Recently I spent a few of my off days plus some weekend days working in the yard, putting in 3 or 4 hour days in the height of the "no bug, few plants, and nice temperature" season. It's prime riding season but it's also literally the only time I can walk in the yard without looking like a lunatic as I wave my arms around to fend off all the dive bombing mosquitoes. A long time ago I went for a hike with some people. The joke afterward - someone asked "what's this?" and ran around waving their arms furiously around their head.
It was supposed to be me, hiking.
Running, not walking, waving my hands around.
If it's not bugs it's something else. On the beautiful spring days so rare here in Connecticut I inevitably got poison ivy. Mind you I was wearing gloves, long pants, long shirt, and a one piece mechanic's suit on top of the pants and shirt. Work boots, hat, all the exterior stuff sprayed with DEET.
Wrist after about 5 days.
This is before it got really bad - I won't post those picture.
Although I'm pretty sensitive to it I decided that if I'm going to get it I might as well try and clear out a bunch of brush. A week later I started regretting my decision as I had poison ivy spots on both arms, torso, legs, neck, face... it really hampered my style as I couldn't move a lot and I was constantly uncomfortable.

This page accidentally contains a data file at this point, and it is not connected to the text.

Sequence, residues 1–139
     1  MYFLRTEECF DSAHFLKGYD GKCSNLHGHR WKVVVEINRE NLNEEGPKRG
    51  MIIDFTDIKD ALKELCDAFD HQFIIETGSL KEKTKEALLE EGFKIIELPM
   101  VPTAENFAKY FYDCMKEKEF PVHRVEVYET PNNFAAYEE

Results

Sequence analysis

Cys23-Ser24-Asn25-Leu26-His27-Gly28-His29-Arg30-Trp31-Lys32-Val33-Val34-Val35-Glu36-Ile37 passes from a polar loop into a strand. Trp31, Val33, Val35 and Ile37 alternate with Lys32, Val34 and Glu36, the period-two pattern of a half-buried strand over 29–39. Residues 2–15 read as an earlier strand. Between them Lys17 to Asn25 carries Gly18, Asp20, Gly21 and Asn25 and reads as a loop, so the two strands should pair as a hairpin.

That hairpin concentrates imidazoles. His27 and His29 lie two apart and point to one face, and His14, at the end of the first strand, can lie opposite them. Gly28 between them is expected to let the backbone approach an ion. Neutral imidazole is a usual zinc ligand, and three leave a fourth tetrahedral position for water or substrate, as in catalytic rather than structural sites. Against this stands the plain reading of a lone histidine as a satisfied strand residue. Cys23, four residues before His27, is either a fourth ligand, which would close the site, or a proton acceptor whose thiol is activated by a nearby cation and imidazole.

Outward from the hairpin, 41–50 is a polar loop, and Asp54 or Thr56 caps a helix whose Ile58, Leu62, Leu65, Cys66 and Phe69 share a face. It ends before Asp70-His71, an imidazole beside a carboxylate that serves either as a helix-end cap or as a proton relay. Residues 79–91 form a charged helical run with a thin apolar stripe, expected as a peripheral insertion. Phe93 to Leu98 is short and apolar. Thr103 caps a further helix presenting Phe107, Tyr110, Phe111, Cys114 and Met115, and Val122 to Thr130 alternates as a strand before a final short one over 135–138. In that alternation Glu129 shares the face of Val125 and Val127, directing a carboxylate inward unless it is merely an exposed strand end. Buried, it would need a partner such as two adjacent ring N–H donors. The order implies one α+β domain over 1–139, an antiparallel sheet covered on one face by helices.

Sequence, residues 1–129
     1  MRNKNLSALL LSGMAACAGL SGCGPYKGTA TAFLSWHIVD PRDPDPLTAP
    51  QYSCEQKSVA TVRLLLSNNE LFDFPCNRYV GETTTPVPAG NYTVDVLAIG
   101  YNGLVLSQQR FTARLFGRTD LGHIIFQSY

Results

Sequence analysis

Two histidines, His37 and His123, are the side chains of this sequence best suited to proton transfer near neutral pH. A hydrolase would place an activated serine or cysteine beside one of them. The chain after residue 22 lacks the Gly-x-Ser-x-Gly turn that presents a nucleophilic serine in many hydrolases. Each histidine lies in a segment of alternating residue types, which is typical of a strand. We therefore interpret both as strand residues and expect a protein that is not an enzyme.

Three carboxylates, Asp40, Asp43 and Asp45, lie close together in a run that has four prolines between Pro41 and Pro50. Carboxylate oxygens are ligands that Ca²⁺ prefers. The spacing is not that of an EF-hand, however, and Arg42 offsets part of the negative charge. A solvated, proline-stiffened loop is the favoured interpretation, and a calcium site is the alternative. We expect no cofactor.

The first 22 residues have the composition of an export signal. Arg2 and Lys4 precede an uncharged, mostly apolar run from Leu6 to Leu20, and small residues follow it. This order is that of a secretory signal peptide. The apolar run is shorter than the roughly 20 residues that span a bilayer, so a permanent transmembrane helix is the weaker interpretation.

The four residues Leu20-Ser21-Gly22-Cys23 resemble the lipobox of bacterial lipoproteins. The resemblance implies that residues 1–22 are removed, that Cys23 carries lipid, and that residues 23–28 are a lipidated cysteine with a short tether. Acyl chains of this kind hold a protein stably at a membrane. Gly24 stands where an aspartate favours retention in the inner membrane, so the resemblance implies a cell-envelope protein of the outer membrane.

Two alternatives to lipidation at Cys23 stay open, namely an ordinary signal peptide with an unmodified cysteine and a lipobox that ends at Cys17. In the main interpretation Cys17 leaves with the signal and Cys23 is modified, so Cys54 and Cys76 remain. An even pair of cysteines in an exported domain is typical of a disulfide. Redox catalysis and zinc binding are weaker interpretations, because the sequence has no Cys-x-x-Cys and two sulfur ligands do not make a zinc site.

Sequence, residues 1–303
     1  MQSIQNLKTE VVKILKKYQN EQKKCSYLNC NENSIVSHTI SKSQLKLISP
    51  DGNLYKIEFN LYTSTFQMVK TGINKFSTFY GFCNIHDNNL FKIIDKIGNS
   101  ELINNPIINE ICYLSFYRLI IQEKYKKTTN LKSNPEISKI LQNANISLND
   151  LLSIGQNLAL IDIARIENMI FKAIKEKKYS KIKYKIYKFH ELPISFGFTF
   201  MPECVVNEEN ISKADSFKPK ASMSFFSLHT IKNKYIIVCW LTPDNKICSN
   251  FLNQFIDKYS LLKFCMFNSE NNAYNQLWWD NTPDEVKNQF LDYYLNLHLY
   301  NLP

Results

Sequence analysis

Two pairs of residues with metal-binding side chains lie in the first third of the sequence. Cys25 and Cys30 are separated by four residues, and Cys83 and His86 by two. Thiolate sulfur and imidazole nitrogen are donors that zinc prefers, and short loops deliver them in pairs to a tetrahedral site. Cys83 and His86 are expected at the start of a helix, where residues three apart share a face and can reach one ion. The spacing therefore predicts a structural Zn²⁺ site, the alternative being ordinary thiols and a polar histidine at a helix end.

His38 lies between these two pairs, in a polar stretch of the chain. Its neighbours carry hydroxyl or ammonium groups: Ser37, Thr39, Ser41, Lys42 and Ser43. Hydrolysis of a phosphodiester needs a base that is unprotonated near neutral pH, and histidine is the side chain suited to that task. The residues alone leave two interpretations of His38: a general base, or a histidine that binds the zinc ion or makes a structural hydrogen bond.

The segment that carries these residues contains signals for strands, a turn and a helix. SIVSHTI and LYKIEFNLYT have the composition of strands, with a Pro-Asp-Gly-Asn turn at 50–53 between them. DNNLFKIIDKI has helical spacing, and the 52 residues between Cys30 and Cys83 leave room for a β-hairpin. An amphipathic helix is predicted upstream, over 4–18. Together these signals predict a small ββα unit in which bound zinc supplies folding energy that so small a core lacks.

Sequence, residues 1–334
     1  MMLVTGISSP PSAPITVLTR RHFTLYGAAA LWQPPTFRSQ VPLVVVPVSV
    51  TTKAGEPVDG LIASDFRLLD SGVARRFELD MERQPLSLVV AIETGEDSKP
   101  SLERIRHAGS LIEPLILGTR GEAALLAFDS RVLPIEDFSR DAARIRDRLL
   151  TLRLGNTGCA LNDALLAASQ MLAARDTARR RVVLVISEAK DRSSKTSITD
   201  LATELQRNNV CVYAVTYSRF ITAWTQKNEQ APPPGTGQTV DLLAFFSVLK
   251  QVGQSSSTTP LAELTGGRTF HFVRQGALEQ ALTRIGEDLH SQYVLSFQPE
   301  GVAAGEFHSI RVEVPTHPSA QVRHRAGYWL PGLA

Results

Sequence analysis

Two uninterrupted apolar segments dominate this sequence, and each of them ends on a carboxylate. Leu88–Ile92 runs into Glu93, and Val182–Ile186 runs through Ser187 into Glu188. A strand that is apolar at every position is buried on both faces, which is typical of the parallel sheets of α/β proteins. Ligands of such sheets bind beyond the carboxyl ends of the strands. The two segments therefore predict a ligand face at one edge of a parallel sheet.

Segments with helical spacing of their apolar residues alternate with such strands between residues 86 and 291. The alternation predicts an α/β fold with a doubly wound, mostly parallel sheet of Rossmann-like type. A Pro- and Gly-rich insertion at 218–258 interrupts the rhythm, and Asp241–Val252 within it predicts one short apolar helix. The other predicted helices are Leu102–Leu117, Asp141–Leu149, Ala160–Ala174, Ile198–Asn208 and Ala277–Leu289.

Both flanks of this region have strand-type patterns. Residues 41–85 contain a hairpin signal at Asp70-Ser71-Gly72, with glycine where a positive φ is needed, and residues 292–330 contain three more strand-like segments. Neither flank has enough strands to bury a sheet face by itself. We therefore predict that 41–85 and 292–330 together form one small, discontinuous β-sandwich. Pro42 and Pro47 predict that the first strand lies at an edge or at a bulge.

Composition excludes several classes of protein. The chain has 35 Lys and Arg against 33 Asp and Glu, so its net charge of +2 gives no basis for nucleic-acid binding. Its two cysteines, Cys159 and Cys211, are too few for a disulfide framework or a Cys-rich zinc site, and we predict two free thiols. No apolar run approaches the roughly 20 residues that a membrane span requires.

I went to the doctor but the bumps still have to heal. It's very uncomfortable, to say the least.
So how did that affect my cycling? Two of my half days (which are "mine") spent in the yard. Weekend days spent in the yard. I rode once after doing yardwork. I declined riding a few days because the poison ivy was really irritating me.
I chose to do what I did. It's not like I had to give up cycling for a week. I chose to do it, on my own, preferring to wade through the undergrowth and move dead tree limbs and such rather than go inside, clean up, and go for a ride. I literally stood there, knee deep in tree debris, and decided, "Yeah, I'm gonna keep working on this instead of going for a ride."
There are other changes too. Junior is starting to sleep on a super regular schedule. He gets to sleep between 6:00 and 7:30 PM and he wakes up at 6:00 AM. I almost always get up with Junior, which, if you knew me before, would have you shaking your head in wonder. I am definitely not a morning person but now if I get up at 7 AM it feels like it's 10 AM.
I can't ride well in the morning - I tried it before - so I either ride on my half days (Tues/Thurs, when Junior is at day care) or on weekends. Just now I started riding a bit in the evening after he goes to sleep.
All this stuff, one small thing at a time, has dug into my riding time. I've chosen to do that, it's not against my will, it's just the way it is.
Therefore my riding progress is sort of in neutral.